Investors have gravitated toward passive investments since the market crash in 2008, preferring their lower fees, liquidity and good performance over what many feel are too-risky actively managed investments. However, a white paper released in September by Osterweis Capital Management points out that while passive investments go up with the market, they also go down with it.
Indeed, the most important drawback to passive investments is that “they cannot provide protection to investors during down markets,” Osterweis wrote in the paper.
There are structural risks, too, though. The paper used the S&P 500 as an example. Because prices can decouple from earnings and cash flows, investors in products that track the S&P 500 may end up exposed to overvalued stocks or sectors, as we saw with the dot-com crash in the late ‘90s and the financial crisis in 2008, according to the paper.
A passive strategy doesn’t protect investors from companies with poor fundamentals, either, Osterweis wrote.
After five years of positive market returns, the benefits of active management are less clear. “It appears to be the popular opinion that active management and bottom-up stock picking do not generate sufficient outperformance over time to cover fees and transaction costs,” the paper said.
However, where active management proves its worth is in a down market. The “dispersion of returns in up and down markets provides active managers the opportunity to outperform,” the paper argued. Using the S&P 500 as an example again, Osterweis pointed out that in 2008, when the index fell 37%, some stocks within the index performed better. Some even had positive returns.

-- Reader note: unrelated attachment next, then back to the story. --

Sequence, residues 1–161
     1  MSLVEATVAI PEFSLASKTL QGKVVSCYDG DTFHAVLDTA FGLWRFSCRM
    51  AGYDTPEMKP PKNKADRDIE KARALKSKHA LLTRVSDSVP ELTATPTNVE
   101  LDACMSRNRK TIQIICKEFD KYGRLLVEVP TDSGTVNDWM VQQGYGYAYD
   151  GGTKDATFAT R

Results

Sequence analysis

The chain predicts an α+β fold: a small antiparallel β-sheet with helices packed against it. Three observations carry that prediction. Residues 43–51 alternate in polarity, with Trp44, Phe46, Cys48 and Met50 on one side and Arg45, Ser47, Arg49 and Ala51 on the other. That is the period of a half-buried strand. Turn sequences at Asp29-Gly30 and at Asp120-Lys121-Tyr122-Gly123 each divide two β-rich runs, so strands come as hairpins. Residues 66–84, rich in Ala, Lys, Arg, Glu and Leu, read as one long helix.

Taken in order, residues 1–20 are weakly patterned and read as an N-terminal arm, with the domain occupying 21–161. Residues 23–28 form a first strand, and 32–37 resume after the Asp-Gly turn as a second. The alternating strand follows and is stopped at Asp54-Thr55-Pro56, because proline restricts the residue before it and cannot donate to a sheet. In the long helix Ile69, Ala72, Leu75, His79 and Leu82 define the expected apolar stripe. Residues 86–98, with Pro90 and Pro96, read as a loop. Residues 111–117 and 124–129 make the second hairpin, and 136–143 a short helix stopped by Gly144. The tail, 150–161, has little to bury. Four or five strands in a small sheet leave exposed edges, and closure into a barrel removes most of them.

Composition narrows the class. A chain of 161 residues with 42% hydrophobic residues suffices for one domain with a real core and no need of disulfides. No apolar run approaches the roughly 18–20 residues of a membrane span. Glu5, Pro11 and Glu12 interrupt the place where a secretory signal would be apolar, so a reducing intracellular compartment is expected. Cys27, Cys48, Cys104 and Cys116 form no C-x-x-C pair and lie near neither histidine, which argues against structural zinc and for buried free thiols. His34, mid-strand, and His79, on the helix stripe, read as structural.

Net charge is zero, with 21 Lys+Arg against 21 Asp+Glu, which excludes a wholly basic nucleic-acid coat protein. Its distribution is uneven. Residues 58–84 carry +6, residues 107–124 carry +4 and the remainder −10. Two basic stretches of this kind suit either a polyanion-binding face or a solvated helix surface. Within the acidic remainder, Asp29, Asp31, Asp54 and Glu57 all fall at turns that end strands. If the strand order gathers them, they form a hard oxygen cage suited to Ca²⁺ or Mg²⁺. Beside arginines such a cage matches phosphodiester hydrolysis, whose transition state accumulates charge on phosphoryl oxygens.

As if the overall drop in the index wasn’t bad enough, some stocks fell by 60% or more — Osterweis noted one stock fell 97%.
There are three ways active managers protect against downside risk, according to the paper. First is to maintain a truly active portfolio.
Osterweis warned against “closet indexers,” managers who build portfolios that look very similar to an index, even though they charge active management prices. Some managers may do so to stick close to a particular style box or to avoid clients’ negative reactions to short-term underperformance.
The firm recommended studying a fund’s active share: the percentage of a fund’s portfolio that differs from the benchmark. “A truly active portfolio manager is generally defined as having at least 60% active share,” the paper says.
The next strategy is to apply a risk-sensitive approach when selecting securities for the portfolio. Osterweis does this by selecting stocks with an “asymmetrical risk profile” — choosing stocks that are undervalued and avoiding those selling at a premium.
Just because a stock is cheap is no reason to invest, though. Osterweis focuses on companies with stocks that are inexpensive but recovering “from a problem that can be fixed” like a recently ousted portfolio manager or a bad acquisition.
“If we can identify stocks that we think are fundamentally sound and starting to recover, we believe it is likely that their prices should eventually reflect increased earnings and multiple expansion if the companies prove themselves and come back into favor,” the paper says.
Finally, an active manager should create a “high-conviction portfolio,” Osterweis wrote. “We invest only in those stocks where we have the highest conviction, and we are mindful of how constituents of our portfolio work together. This approach has enabled us to maintain a diversified portfolio that has historically dampened losses during significant down markets relative to the S&P 500.”
For a topical discussion of the active versus passive investing debate, sign up for a free ThinkAdvisor webinar on Oct. 15 featuring Tony Davidow of Schwab and Ben Warwick of Searching for Alpha (and get an hour of CFP CE).